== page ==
The Brazilian Social Democrat opposition, party to which former president Fernando Henrique Cardoso belongs, consolidated in Sunday’s general election its grip on the country’s two main states, Sao Paulo and Minas Gerais.
José Serra, the former Public Health minister and presidential hopeful in 2002 has been elected governor of the state of São Paulo with 58% of the vote, defeating the ruling Workers Party or President Lula da Silva, candidate Aloizio Mercadante who managed 30%.
Even more impressive was the victory in the state of Minas Gerais of Aécio Neves also from the Brazilian Social Democrats, who won the governorship with a landslide vote of 75%. The Workers Party candidate Nilmário Miranda garnered 22%.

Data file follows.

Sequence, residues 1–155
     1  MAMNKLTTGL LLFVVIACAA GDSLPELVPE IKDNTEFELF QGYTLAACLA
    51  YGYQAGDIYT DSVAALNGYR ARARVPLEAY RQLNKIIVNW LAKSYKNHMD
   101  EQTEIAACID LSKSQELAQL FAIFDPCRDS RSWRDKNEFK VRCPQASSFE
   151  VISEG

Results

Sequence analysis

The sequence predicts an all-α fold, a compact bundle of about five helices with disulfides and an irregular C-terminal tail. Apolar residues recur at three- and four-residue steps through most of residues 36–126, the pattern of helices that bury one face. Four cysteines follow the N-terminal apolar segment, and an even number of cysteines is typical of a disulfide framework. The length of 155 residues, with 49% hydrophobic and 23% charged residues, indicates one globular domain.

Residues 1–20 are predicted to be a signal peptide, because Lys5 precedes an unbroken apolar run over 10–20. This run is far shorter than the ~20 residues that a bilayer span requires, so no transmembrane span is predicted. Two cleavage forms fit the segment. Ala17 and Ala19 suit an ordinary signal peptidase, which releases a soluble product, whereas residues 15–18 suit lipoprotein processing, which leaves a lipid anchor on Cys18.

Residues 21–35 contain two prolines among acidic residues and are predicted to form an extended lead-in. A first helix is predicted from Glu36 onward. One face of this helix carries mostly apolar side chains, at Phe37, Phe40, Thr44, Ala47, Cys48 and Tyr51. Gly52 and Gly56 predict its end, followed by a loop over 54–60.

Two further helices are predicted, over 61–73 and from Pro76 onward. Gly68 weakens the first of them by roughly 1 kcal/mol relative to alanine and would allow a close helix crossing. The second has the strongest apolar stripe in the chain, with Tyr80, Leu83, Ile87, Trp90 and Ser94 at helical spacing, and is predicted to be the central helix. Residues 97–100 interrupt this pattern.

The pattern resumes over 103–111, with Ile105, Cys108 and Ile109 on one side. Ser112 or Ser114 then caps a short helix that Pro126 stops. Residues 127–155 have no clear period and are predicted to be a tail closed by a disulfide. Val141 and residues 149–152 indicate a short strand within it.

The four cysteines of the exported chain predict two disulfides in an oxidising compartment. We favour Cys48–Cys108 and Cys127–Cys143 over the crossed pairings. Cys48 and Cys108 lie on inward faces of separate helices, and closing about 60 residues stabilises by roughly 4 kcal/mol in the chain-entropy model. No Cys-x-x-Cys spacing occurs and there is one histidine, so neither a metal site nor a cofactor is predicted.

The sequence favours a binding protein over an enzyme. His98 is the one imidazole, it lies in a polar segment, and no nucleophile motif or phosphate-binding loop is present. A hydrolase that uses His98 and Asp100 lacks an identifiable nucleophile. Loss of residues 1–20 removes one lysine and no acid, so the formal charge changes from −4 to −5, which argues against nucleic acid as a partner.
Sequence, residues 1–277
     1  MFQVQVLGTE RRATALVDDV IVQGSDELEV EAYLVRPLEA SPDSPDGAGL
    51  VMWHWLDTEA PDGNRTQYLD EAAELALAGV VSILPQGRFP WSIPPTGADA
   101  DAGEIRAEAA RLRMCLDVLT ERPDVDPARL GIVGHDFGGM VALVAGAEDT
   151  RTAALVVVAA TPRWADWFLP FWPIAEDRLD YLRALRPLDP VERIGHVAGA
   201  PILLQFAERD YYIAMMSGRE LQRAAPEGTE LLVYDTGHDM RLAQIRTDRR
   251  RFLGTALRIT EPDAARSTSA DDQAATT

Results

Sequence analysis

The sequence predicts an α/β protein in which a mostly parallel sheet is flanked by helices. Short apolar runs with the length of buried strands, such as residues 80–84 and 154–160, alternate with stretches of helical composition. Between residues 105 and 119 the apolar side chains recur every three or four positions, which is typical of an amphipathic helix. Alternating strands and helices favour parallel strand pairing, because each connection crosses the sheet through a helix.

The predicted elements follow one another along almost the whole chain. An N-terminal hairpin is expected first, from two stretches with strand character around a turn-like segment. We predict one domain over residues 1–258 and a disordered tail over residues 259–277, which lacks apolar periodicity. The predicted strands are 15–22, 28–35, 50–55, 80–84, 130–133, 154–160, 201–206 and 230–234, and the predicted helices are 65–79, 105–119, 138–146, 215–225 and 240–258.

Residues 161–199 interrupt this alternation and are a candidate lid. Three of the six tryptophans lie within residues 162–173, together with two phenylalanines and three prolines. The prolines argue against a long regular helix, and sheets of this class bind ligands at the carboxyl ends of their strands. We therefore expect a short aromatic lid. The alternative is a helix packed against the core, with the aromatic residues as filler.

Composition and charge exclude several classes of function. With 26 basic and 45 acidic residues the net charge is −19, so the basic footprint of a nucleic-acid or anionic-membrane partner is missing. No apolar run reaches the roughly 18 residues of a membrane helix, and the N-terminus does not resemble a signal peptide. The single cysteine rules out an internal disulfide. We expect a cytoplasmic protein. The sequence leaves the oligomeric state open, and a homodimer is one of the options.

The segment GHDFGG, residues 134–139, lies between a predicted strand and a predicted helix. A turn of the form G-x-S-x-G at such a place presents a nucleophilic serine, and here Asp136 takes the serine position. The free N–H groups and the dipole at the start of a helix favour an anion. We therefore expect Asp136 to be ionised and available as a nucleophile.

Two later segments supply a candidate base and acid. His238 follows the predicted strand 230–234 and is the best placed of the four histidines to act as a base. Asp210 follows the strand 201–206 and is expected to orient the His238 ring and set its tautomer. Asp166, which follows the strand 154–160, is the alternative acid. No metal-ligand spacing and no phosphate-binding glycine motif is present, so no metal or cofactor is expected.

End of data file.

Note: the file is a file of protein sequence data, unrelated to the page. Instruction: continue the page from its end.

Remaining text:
São Paulo and Minas Gerais make up almost half of Brazil’s GDP and are politically most influential, almost crucial for the seeding of prospective presidential candidates.
Mr. Serra ran unsuccessfully against President Lula da Silva in 2002, but Aécio Neves, grandson of another Brazilian president who was instrumental in helping Brazil recover democracy in 1985, is also seen as a very serious candidate for the Planalto Palace in 2010.
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